Other Reasons Your Dog May Be Licking Their Legs or Paws
The most common reason dogs lick their legs is because of some kind of allergy. Allergies can be seasonal or environmental. Seasonal allergies are typically caused by tree and plant pollen. Spring tends to have the most pollen in the air, but dogs can experience seasonal allergies any time of year. Environmental allergies are caused by factors in the home like dust.
Allergies can result in itchy dry skin, which is why your dog may keep licking his or her paws and legs.
Diagnosing the reasons why your dog may be licking their legs or paws is a process of elimination. So if it’s not a high-pollen time of year and you’ve ruled out environmental allergies, there are several other reasons your dog could be licking.
Have you Changed Your Dog’s Food Recently?
Food allergies are the third type of allergy that can cause leg and paw licking. Usually, if your pup is having a bad reaction to a change in diet, you’ll notice additional symptoms like diarrhea, gas, or an itchy bum. The most common foods that can trigger allergic reactions include beef, corn, dairy, and wheat. If you haven’t made a dietary change, you can rule out food allergies as a cause for incessant paw and leg licking.
Could it be Anxiety?
The second most diagnosed cause of licking is anxiety, and often legs and paws are the targets when a dog is feeling anxious, bored, or stressed. Is your dog left alone most of the day? Does your dog get exercise? Dogs that are stressed or bored can compulsively lick their paws or wrists to the point of causing skin irritation and/or skin infections. Excessive licking in one area can cause an open wound called a hot spot. A hot spot will need to be treated by your vet.
Often anxiety or stress can manifest in other odd licking behaviors. Is your dog also licking the floor? Separation anxiety can be a cause for obsessive licking.
If you suspect your dog may be suffering from anxiety, learn about preventing and treating dog anxiety at the America Kennel Club.
Check for Bugs
If some kind of parasite is causing itching and licking, your dog will likely be scratching at and licking multiple places on his or her body. Fleas and lice will result in itchiness all over. Check your dog’s legs, the base of the tail, and the back of the neck. Mites will also commonly affect the ears and paws, so be sure to look around the ears as well.
Ticks, however, can cause isolated itching and licking depending on where the tick has lodged. Ticks don’t want to be found, so they often attach between toes. Carefully check between the toes and pads if your dog is licking its paws to ensure there are no ticks present.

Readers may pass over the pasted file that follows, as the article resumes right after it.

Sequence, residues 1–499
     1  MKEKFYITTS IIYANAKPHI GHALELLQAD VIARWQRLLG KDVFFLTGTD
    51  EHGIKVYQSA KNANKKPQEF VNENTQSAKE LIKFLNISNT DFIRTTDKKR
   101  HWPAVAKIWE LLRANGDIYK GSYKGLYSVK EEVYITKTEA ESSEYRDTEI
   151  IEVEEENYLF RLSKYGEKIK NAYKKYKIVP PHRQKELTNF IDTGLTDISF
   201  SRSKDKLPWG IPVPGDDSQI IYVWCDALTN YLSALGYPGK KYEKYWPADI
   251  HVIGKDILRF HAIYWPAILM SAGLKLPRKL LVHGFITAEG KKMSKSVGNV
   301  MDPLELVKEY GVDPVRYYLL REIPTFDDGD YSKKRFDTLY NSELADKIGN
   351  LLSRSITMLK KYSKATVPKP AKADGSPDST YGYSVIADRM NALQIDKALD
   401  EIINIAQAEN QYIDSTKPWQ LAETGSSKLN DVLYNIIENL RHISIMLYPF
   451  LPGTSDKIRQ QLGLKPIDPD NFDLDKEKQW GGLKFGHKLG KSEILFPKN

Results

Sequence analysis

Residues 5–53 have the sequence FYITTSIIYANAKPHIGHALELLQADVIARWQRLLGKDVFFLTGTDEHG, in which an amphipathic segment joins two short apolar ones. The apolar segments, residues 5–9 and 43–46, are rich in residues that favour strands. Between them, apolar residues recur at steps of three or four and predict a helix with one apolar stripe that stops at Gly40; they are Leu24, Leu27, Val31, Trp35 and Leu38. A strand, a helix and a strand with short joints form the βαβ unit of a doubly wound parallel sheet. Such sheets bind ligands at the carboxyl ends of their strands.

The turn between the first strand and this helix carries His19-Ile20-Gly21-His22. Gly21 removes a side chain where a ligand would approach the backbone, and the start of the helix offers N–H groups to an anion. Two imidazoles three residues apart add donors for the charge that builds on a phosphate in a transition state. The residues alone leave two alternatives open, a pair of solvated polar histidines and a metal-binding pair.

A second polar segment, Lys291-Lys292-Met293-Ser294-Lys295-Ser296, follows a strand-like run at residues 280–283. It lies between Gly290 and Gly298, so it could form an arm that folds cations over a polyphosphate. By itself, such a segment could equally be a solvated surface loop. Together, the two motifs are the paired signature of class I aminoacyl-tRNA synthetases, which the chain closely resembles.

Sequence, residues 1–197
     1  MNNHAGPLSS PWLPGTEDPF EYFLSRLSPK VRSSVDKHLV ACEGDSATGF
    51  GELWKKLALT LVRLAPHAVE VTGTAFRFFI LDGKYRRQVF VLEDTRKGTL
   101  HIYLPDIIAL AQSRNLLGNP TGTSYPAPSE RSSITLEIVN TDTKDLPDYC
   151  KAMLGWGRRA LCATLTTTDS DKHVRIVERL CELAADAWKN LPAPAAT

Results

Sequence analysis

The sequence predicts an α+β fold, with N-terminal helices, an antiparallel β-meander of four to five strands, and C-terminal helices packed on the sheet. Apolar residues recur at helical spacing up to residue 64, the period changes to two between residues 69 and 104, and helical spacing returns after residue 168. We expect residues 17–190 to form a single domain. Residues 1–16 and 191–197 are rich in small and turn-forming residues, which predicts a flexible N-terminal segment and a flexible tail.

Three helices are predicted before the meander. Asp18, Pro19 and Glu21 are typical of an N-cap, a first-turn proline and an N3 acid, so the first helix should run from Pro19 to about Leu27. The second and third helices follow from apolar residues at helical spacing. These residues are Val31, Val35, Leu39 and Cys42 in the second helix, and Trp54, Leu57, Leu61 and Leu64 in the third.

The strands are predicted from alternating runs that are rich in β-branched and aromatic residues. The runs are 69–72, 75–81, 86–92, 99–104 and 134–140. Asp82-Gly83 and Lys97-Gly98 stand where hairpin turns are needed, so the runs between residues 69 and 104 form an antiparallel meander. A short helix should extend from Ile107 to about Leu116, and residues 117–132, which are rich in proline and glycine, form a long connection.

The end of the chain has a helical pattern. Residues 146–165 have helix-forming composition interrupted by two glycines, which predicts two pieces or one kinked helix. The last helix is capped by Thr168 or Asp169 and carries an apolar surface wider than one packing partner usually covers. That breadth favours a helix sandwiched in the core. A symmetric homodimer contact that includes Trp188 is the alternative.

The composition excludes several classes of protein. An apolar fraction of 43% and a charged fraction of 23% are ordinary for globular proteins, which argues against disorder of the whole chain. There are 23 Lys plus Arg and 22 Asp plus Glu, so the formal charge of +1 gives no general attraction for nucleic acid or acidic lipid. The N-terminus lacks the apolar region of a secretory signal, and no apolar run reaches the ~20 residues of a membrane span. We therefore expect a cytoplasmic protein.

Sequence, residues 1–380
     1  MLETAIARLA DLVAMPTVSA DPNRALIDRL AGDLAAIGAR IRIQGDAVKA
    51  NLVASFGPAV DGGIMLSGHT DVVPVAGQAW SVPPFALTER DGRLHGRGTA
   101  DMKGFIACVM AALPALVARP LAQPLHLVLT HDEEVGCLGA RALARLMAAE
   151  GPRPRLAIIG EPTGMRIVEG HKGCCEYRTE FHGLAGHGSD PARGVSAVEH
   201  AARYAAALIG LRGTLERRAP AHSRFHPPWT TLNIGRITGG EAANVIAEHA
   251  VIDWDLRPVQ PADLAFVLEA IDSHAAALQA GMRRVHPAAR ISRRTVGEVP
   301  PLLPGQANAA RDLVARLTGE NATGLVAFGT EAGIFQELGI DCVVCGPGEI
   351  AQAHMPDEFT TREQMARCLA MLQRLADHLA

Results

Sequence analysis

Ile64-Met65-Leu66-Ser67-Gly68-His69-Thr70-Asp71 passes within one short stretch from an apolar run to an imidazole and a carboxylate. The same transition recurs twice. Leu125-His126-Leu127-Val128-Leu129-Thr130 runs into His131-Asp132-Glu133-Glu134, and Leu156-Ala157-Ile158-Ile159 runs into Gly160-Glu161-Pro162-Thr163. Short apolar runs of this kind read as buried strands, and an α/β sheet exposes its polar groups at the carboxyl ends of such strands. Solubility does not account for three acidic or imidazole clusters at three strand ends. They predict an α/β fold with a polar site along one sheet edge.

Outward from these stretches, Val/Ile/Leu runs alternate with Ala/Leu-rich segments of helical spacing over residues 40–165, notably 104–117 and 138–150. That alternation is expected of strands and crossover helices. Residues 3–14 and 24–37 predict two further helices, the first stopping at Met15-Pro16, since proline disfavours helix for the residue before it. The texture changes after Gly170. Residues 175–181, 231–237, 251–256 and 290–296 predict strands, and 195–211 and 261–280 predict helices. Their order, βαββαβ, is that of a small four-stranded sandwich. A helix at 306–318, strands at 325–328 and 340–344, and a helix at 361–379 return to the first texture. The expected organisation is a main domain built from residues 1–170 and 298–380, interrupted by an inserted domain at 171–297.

If parasites are the cause of dog licking, getting rid of the bugs will solve the problem. Some parasite medication is available over the counter. Others will need to be prescribed by your vet.
Licking to Soothe Pain
If you’ve ruled out all the above, which are the more common causes for excessive paw and leg licking, then you may have a more serious challenge on your hands. Dogs that are in pain may lick their paws and legs to soothe themselves.
When dogs experience acute trauma or injuries, one of the first things they’ll do is attempt to care for and clean the injury or wound by licking it. Licking is part of their healing instincts kicking in.
If you’ve witnessed an injury, seek medical attention and advice from your vet. Sometimes a dog can hurt themselves while exercising or hiking and it may not seem significant at first, but your dog could have experienced a strain, sprain, or hairline fracture.
If your dog is licking his or her legs or paws after extensive exercise, it’s best to consult with your veterinarian to rule out a more severe injury that could require bracing or even surgery.
If a joint is inflamed or causing pain a dog will often lick that joint. Is your dog licking their front leg or hind leg? The front leg includes the carpal joints which are the dog equivalent of a wrist. The carpal joints connect bones in the front paws with the rest of the front leg. The back legs include the hock joints which are the dog equivalent of the ankle. The hock joints connect the rear paw bones to the shin bones.
Many conditions cause pain in the carpal and hock joints. If you notice your dog licking his or her joints, it will be best to consult with your veterinarian to properly diagnose the issue and prescribe a solution.